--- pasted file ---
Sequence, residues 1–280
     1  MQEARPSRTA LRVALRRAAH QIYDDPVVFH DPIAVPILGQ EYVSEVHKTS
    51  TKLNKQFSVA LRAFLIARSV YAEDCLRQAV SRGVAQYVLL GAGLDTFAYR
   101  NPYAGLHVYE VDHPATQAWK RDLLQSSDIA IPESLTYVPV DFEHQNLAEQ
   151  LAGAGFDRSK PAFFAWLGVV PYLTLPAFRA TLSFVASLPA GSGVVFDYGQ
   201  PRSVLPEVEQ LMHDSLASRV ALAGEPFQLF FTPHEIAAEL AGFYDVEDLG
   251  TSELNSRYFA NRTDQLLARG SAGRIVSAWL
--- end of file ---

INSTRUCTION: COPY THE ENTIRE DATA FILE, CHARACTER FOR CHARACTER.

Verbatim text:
Sequence, residues 1–280
     1  MQEARPSRTA LRVALRRAAH QIYDDPVVFH DPIAVPILGQ EYVSEVHKTS
    51  TKLNKQFSVA LRAFLIARSV YAEDCLRQAV SRGVAQYVLL GAGLDTFAYR
   101  NPYAGLHVYE VDHPATQAWK RDLLQSSDIA IPESLTYVPV DFEHQNLAEQ
   151  LAGAGFDRSK PAFFAWLGVV PYLTLPAFRA TLSFVASLPA GSGVVFDYGQ
   201  PRSVLPEVEQ LMHDSLASRV ALAGEPFQLF FTPHEIAAEL AGFYDVEDLG
   251  TSELNSRYFA NRTDQLLARG SAGRIVSAWL